by Penelope May
All my life I’d been creating fiction in my mind, so it wasn’t surprising when I moved to a small house in Maine, that I would choose to make it official and take a shot at writing for publication. My kids were grown and I had no major responsibilities, leaving a wide open space in which I could do what I wanted. I came to this writing project with a “let’s just see what happens” point of view, putting myself deliberately in the unknown.
In the past, I didn’t like the unknown; the idea of unknown always made me very anxious. Knowing gave me a feeling of control and the illusion of security, and over the years I’d gotten very good at knowing. When I adopted kids as a single parent, I treated it as an adventure within a known space, just a different way to create a family, and put the many unknowns out of my mind. It was similar with the fiction in my head; when my kids were young and I wrote for my own entertainment, I would dream up a plot, follow it to its satisfactory conclusion, and be done. At the time, I had very little confidence as a writer.
But as my kids grew, it became clear I couldn’t manage a high tech job and raise two kids by myself; you might say I’d arrived at the dreaded unknown. Except I now know that unknowns are neither bad nor good; instead they contain infinite possibilities which are all…unknown. This particular unknown went on to provide me with a new life. At my job I was invited to do a program at Landmark Worldwide, which eventually enabled me to create a life I loved with my children. This was the program that taught me to love the unknown.
I like the Joseph Campbell quote, “If the path before you is clear, you’re probably on someone else’s.” Said another way: If you follow the path you know, you’ll only find more of the same. It’s in the unknown that discovery and miracles happen.
When I began writing Appointment with Unreality, its working title was “The Unknown,” which described the book’s subject matter, its unknown plot and characters, my as yet unknown writing process, and the unknown outcome—would there even be a book in the end? I was game to find out.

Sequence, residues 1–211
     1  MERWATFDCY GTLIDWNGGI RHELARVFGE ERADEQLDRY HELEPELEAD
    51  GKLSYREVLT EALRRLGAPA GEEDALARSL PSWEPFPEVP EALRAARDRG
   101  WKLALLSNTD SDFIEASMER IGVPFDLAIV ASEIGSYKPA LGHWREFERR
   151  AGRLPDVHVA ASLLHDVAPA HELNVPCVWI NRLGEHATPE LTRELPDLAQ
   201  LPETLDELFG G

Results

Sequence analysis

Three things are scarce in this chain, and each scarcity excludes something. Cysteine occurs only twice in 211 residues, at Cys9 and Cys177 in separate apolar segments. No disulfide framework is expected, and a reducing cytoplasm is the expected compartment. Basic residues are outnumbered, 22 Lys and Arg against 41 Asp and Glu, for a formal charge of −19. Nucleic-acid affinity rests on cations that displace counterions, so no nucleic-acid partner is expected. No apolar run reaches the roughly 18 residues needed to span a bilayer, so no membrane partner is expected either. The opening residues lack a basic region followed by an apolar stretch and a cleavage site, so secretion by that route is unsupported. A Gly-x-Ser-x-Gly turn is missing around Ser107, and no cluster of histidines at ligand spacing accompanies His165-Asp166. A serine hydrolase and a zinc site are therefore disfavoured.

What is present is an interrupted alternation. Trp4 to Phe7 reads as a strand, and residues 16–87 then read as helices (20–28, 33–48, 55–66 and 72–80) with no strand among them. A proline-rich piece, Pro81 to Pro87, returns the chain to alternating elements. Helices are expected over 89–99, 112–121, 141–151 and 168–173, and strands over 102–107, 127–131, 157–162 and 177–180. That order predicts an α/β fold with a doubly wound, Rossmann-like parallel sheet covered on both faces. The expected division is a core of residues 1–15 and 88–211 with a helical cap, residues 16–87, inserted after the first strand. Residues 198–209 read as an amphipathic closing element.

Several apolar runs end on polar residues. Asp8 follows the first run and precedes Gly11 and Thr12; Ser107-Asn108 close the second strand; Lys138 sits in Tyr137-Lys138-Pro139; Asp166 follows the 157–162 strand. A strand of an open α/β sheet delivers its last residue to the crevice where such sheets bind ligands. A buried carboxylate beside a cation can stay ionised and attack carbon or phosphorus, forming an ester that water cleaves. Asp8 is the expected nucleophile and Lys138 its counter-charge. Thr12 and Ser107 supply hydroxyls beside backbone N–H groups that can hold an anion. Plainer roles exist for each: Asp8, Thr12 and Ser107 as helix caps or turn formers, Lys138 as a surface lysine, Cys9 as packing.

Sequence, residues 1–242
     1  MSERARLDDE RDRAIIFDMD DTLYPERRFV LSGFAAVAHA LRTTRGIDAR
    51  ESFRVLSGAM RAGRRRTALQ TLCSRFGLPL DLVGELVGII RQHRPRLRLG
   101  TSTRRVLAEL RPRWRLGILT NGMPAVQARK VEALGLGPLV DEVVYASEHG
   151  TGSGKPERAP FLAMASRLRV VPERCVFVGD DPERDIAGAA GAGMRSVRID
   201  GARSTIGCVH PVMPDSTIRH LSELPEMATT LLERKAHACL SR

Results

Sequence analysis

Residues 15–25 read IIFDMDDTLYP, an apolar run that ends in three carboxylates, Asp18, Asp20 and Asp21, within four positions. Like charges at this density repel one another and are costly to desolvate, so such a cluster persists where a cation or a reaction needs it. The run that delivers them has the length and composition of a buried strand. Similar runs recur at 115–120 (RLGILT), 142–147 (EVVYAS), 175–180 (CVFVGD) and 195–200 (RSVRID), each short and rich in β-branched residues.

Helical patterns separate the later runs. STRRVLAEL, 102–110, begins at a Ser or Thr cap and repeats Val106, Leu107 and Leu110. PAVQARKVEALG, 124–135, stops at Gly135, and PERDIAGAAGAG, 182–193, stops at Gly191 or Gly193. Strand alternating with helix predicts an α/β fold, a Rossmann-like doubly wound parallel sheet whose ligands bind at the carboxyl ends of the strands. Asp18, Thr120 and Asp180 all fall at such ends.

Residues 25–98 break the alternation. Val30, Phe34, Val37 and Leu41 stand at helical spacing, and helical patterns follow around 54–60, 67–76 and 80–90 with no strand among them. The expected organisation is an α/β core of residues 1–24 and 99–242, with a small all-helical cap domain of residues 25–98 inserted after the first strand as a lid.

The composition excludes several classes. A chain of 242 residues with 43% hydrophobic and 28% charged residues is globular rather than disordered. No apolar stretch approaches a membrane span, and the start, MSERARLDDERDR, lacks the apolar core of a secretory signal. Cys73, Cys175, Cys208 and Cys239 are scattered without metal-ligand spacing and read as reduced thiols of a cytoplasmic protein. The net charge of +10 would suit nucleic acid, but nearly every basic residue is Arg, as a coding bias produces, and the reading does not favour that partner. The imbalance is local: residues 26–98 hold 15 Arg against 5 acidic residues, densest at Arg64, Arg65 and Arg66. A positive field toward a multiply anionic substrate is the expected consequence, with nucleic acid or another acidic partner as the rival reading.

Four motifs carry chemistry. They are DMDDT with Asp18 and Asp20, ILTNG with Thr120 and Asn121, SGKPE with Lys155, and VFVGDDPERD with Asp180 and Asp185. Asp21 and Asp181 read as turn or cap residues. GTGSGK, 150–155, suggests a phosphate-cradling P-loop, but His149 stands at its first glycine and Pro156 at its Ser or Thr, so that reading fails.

I started with the unlikely premise that an alien being was lodged in a woman’s mind. There were plenty of obvious sci-fi plot lines to draw from such a premise, but none of these involved any discovery on my part. What I was eager to discover was: How could this alien be physically inside her brain?
To answer that question, I had to locate the story firmly in normal reality. This gave the main character, Lee, both a psychological danger (was she insane?) and a puzzle to solve (what was this thing in her head?).
The puzzle grew to be an important plot element, as Lee pours over online neurological research, and I was only one step ahead of her. At the point when I had to write the solution to the puzzle and move on, I was almost as anxious as Lee that the answer hadn’t revealed itself yet. Then I chanced on a paper about synaptic input in the brain, and bingo! My answer was right there, so clear and consistent with the story, it seemed as if it had been waiting for me. It was a great day of discovery in the unknown, and I was elated.
So what can writing from the unknown provide us as writers?
- First, it frees us from clichés and conventional thinking. In the unknown, all the stuff that stuffs your brain is gone.
- It allows a deeper exploration of characters and scenes. You have to keep asking yourself “why?” and listening for the answer.
- It creates discoveries that can’t be anticipated, sometimes taking the story to unimagined places, for the better.
- It makes room for a greater depth of feeling about the characters, their experiences, and the lessons of the story.
- It’s an adventure like none other.
Cultivating the unknown can require a lot of silence. I stop listening to the news when I drive, so I can have uninterrupted silence in which to muse about the story. Walking the dogs is a great time for me to immerse myself in action sequences, and weeding the garden usually generates a bunch of dialogue. It can take patience to wait for the unknown to deliver the creative goods. I learned not to write a scene before it had autonomous life in my mind. For instance, I could wake up with a clear image of a scene, or hear dialogue running in my mind. Usually a feeling of excitement would accompany these signs.
The unknown is a realm of creation and creativity, in life and in writing. It may not be comfortable for everyone, and it may not be as efficient as some people want. I did use a small group of readers to let me know if I was on the right track, because being in the unknown can feel risky. But by the time I wrote the last part of the book, I, like Lee, was in a place I’d never imagined, and I was grateful for it.
As readers may guess from the cover of the book, Appointment with Unreality mentions a galaxy. Early in the writing process I went online to find a good-looking galaxy, and discovered this gorgeous composite image of NGC 300 (NASA GALEX). Perhaps it’s a simple JPEG image on the web, but it’s as fine an image of the unknown as I can imagine.
#kaipress #AWUbook #iwrite2discover #theunknown #landmarkworldwide